Category: Hormones

  • Posted By:

    Kelly ParcellKelly Parcell

  • Category:

    Hormones

Testosterone Benefits Testosterone has many beneficial effects, including increasing bone strength and density, inducing the creation of red blood cells, improving sexual function, enhancing libido, protecting the heart and increasing muscle strength in men and women. Testosterone and other steroid hormones are cleared from the body through the liver. The pathway that clears testosterone is called Glucuronidation. The enzyme responsible is called UDP-glucoronosyltranserase (UGT2B17). Once testosterone has circulated in the body and worked its magic, it goes to the liver to be excreted through the Glucuronidation pathway. Once here, it is converted into testosterone glucuronidase and then is excreted out of the body through the Kidneys primarily. How Your Diet Makes an Impact In 2012 and 2013, researcher Carl Jenkinson et al conducted studies published in Medical Journals (Frontiers of Endocrionology, Nutrition Journal and Steroids), demonstrating the Effects of Dietary Components on Testosterone Metabolism via UDP-Glucuronosyltransferase (UGP). What they found was that red wine samples inhibited the glucuronidation of testosterone by up to 70% over 2 hours. The ethanol content had no significant effect. They went on to discover that green and white tea preparations inhibited the UGT2B17 enzyme by circa 20% with a white tea powder inhibiting glucuronidation by...

  • Posted By:

    NatureMedNatureMed

  • Category:

    Hormones

As many of you know we have been offering testosterone pellet therapy for many years. Testosterone pellets are safe and effective as an alternative for testosterone replacement therapy. We have provided a study below documents safety and effectiveness. STUDY: J Sex Med. 2017 Jan;14(1):47-49. doi: 10.1016/j.jsxm.2016.11.305. Epub 2016 Dec 15. Testosterone Pellet Implantation Practices: A Sexual Medicine Society of North America (SMSNA) Member Questionnaire. Piecuch MJ(1), Patel BG(2), Hakim L(3), Wang R(4), Sadeghi-Nejad H(1). Author information: (1)Department of Urology, Rutgers University-New Jersey Medical School, Newark, NJ, USA. (2)Department of Urology, Rutgers University-New Jersey Medical School, Newark, NJ, USA. Electronic address: brijesh_g_patel@rush.edu. (3)Department of Urology, Cleveland Clinic Florida, Weston, FL, USA. (4)Department of Urology, University of Texas-Houston, Houston, TX, USA. INTRODUCTION: There has been renewed interest in the use of subcutaneous testosterone pellets for the treatment of hypogonadism since the introduction of Testopel in 2008 by Slate Pharmaceuticals (Durham, NC, USA). Manufacturer guidelines recommend using two to six pellets; however, in the clinical setting, this is deemed insufficient. This has produced a wide variety of testosterone pellet usage that is not fully understood. AIM: To better understand subcutaneous testosterone pellet implantation practices among members of the Sexual Medicine Society of North America (SMSNA)....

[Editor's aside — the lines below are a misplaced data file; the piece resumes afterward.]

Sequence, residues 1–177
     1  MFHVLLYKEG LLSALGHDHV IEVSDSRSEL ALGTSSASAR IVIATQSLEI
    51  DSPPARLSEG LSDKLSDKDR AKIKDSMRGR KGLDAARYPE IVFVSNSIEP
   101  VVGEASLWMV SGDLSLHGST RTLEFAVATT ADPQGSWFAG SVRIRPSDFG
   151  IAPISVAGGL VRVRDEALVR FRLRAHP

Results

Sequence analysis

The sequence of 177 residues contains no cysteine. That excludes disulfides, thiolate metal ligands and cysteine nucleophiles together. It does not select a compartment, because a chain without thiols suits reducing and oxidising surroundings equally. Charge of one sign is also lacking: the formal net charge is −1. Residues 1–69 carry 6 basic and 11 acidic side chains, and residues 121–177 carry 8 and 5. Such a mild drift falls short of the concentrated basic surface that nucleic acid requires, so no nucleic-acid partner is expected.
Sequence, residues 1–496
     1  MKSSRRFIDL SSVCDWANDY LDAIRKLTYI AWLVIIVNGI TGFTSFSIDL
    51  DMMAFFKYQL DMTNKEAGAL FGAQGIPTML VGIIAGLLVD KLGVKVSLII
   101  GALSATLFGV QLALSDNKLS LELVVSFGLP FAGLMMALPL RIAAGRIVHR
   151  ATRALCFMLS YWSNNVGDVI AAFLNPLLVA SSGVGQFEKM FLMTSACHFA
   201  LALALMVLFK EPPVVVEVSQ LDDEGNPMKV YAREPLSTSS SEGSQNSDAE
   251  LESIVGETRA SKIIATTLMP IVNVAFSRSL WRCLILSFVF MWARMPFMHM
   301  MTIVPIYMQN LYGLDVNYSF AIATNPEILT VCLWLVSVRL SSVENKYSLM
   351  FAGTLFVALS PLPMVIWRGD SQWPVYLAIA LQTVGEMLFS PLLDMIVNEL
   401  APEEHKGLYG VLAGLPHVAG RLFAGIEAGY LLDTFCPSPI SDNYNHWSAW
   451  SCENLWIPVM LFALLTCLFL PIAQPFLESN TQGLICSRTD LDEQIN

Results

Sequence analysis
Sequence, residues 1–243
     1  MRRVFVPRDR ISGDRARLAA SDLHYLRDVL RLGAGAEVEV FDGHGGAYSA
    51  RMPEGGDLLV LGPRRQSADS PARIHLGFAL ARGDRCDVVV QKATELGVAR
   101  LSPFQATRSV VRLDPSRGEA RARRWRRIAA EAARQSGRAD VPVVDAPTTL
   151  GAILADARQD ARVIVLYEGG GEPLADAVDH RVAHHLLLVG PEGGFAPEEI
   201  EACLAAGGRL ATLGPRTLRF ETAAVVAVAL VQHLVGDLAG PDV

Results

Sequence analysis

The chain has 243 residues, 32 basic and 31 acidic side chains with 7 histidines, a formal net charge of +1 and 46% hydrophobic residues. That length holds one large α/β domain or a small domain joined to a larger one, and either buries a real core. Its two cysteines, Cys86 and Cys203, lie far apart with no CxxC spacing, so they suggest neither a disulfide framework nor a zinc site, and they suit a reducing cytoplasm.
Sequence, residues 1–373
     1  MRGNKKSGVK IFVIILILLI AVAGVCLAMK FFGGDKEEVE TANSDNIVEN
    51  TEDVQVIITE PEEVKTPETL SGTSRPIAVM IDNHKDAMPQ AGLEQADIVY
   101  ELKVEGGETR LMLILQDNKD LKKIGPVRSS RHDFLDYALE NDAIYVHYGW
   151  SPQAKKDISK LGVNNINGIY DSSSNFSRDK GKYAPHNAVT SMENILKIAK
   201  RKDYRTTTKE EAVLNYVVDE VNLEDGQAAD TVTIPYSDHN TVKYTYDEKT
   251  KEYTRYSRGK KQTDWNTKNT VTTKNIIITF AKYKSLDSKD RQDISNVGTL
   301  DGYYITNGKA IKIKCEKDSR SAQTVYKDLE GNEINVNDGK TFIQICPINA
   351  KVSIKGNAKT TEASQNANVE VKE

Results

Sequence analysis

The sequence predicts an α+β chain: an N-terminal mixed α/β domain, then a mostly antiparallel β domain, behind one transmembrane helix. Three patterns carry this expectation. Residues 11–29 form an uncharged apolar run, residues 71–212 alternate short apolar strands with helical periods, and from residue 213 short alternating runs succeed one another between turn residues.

• Posted By:

    Steve ParcellSteve Parcell

  • Category:

    Hormones

By Steve Parcell, ND Study: Different Hormone Therapy Formulations May Pose Different Risks for Heart Attack and Stroke We at NatureMed, especially Kelly Parcell, ND, in Boulder are known for doing quite a bit of natural hormone replacement. Here is a post from Cedars Sinai demonstating that what we have been saying for years is trure. Natural hormones are safer. Post-menopausal women whose doctors prescribe hormone replacement therapy for severe hot flashes and other menopause symptoms may want to consider taking low doses of Food and Drug Administration-approved bioidentical forms of estrogen or getting their hormones via a transdermal patch. A new observational study shows bioidentical hormones in transdermal patches may be associated with a lower risk of heart attack, and FDA-approved products - not compounded hormones - may be associated with a slightly lower risk of stroke compared to synthetic hormones in pill form. “If confirmed by future randomized trials, these findings may be significant because for the past decade, many women who experienced severe menopause symptoms opted not to use hormone therapy because of the reported increased risk of stroke and heart attacks,” said Chrisandra Shufelt, MD, director of the Women’s Hormone and Menopause Program at the Barbra...

  • Posted By:

    Steve ParcellSteve Parcell

  • Category:

    Hormones

Starting in the fifth decade of life, during perimenopause and manifesting in a more pronounced way in the sixth decade when complete menopause has established itself, chronic diseases may begin to emerge in many women. Menopause is characterized as a decrease in sex steroid hormones  (testosterone estrogen, and progesterone) due to ovarian (gonadal) failure. This decrease in hormones affects hormone responsive organ systems such as the cardiovascular system, bone and the nervous system. Women can also begin to get metabolic disorders at this time, which are responsible for the chronic diseases that can occur. These metabolic changes can include cholesterol problems, high triglycerides, blood sugar irregularities, weight gain and insulin resistance (which may lead type II diabetes). All these conditions can be prevented and treated. Lets go into a bit more detail here on each disorder and condition. The specific changes to cholesterol during this time include increase in low-density lipoprotein (LDL), an increase in triglycerides (TG) and it decrease in high density lipoprotein (HDL). In addition, the protective effect of HDL also appears to diminish after menopause and this is thought to be because the HDL particles become smaller. After menopause the decline in estrogen makes the blood vessel wall more susceptible to...